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I'm desperately trying to solve $$0=\cos{2x}+\cos x$$

Am I on the right track when I'm this far? $$\cos x(2\cos x+1)=1$$

I don't know where to go from here. What method can I use to further solve the equation? And how do these methods work?

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    $\begingroup$ Yes, you are on the right track. I would expand $\cos 2x = 2\cos^2 x -1$, then put $c = \cos x$ and solve the resulting quadratic equation in $c$. $\endgroup$
    – MJD
    Commented Jul 7, 2014 at 14:59
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    $\begingroup$ You were close but no apples yet! $\endgroup$
    – Chinny84
    Commented Jul 7, 2014 at 15:00

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remember the identity $\cos (2x)=\cos^2 (x)-\sin^2(x)=2\cos ^2 (x)-1$.

You want to solve $2\cos ^2 (x)-1+\cos (x)=0$. Let $t= \cos (x)$.

The question $2t^2+t-1=0$ and is easier to solve. Can you take it from here?

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  • $\begingroup$ Is there an easy way to find the quadratic equation or is it just practice by doing? $\endgroup$ Commented Jul 7, 2014 at 15:03
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    $\begingroup$ These questions (and generally trigonometry questions I find) rely heavily on how well you know trigonometric identities. As you can see, if you remember the identity for $\cos(2x)$ this question is easier. My advice would be to practice and memorize (or even better, prove!) trigonometric identities. $\endgroup$ Commented Jul 7, 2014 at 15:07
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Note that $\cos{2x}=cos^2{x}-\sin^2{x}=\cos^2{x}-(1-\cos^2{x})=2\cos^2{x}-1$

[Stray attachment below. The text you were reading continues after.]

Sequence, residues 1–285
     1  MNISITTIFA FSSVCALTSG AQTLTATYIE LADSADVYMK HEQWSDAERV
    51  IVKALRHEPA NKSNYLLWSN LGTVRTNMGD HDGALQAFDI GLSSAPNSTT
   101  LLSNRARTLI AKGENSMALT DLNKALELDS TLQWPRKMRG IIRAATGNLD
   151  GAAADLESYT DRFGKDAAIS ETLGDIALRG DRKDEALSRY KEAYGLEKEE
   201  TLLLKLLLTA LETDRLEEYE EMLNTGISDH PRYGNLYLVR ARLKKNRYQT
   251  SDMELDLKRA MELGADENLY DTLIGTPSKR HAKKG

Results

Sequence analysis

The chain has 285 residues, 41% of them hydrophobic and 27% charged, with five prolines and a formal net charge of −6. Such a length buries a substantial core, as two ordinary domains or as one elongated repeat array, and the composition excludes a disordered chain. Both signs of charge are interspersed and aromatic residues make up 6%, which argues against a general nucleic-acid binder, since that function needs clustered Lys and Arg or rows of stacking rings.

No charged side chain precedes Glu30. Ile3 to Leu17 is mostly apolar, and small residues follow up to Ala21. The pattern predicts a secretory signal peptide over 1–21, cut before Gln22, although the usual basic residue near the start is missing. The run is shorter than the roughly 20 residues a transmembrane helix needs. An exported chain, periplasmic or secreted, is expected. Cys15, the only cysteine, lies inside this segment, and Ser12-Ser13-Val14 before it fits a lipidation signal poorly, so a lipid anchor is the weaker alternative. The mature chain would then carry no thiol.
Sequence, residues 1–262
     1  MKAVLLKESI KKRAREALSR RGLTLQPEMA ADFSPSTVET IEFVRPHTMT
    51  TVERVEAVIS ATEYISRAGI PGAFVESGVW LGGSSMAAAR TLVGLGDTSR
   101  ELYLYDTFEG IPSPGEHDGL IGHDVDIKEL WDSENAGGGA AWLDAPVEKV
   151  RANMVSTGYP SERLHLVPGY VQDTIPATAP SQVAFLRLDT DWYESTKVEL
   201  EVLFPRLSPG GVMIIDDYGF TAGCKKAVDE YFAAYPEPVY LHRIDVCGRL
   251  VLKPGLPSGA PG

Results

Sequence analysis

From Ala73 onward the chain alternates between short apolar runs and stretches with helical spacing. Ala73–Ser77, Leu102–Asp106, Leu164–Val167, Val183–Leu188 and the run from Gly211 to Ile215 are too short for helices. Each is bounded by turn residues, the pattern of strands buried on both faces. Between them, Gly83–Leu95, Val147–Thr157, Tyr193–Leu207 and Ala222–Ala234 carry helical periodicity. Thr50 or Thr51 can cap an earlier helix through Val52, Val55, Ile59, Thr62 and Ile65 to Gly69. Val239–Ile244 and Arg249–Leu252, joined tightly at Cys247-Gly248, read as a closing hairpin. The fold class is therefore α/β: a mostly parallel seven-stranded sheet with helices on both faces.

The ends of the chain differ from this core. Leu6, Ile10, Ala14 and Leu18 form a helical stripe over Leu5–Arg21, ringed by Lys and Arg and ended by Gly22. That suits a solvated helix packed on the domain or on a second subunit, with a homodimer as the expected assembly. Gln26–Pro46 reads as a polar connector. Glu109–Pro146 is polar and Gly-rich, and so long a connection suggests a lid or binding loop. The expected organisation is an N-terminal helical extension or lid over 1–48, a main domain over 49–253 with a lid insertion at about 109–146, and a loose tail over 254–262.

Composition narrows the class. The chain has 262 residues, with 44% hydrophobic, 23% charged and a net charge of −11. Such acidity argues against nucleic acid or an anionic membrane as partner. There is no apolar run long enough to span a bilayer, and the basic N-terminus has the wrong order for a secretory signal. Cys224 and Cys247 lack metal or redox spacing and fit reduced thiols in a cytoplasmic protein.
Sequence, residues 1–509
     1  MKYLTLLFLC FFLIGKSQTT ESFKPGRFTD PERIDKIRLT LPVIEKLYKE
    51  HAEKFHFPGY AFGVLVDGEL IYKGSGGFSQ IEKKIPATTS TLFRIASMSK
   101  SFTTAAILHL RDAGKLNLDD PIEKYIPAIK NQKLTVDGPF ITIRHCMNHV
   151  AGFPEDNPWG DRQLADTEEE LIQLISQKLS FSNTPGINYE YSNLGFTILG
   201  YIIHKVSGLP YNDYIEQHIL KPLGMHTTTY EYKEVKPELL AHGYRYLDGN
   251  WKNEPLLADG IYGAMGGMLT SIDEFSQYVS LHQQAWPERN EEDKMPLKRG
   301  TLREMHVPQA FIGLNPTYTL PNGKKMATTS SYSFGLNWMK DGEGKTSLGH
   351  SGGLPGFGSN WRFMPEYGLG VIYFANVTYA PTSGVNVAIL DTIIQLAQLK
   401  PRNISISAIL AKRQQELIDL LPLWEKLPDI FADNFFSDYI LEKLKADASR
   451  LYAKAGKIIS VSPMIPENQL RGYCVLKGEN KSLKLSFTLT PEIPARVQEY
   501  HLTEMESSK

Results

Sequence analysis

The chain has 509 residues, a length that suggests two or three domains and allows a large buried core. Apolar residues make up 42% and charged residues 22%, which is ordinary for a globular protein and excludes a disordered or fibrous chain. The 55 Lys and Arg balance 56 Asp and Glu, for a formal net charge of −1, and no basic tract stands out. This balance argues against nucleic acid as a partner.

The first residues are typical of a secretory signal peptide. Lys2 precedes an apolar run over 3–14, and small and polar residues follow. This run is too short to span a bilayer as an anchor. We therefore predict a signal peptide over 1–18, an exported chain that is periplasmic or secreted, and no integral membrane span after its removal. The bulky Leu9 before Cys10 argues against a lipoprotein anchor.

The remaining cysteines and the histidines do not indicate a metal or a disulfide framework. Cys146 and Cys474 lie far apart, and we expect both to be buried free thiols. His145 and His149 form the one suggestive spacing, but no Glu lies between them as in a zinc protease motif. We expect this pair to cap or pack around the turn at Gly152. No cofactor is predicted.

Then

$$\cos{2x}+\cos{x}=2\cos^2{x}+\cos{x}-1=(\cos{x}+1)(2\cos{x}-1)=0$$

Thus we solve

$$\cos{x}=-1 \text{ and } \cos{x}=\frac{1}{2}$$

Can you get it from here?

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We have

$$0=\cos 2x+\cos x\iff0=2\cos^2x+\cos x-1$$ so let $t=\cos x$ then $$0=2t^2+t-1$$ and the two roots are $$-1\quad;\quad\frac12$$ so $$\cos x=-1\iff x=\pi+2k\pi$$ and $$\cos x=\frac12\iff x=\left(\frac\pi3+2k\pi\right)\lor\left(x=-\frac\pi3+2k\pi\right)$$

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  • $\begingroup$ Very nice flow! $\endgroup$
    – amWhy
    Commented Jul 8, 2014 at 11:40
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In case you don't remember trig identities, there is a geometric way to solve this. Imagine an origin-centered unit circle. $\cos(\theta)$ is the horizontal component of a radius at angle $\theta$ from the $x$ axis. Now $\cos(\theta)=-\cos(2\theta)$ has a geometric interpretation: the horizontal component of a radius at angle at $\theta$ is the negation of the horizontal component of a radius at angle $2\theta$.

There are two solutions: one where $\theta$ is in the first quadrant (with positive cosine) and $2\theta$ is in the second quadrant (with negative cosine), making a symmetry about the positive $y$ axis, and a similar case with symmetry about the negative $y$ axis. You can see that the first case occurs when $\theta$ is $\frac{1}{3}$ of the way to the negative $x$ axis and the second case occurs when $\theta$ is along the negative $x$ axis.

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  • $\begingroup$ Very nicely done! I like geometric solutions that require more intuition rather than memory or knowledge $\endgroup$ Commented Jul 7, 2014 at 15:20
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$$\cos2x=-\cos x=\cos(\pi-x)$$

$$\implies2x=2m\pi\pm(\pi-x)$$ where $m$ is any integer

Now consider the signs one by one.

Observe that the set of solutions by '-' sign is a proper subset of the set of solutions by '+' sign

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  • $\begingroup$ @user1211030, Observe that this is susceptible to generalization $$\cos mx+\cos nx=0$$ $\endgroup$ Commented Jul 7, 2014 at 17:09

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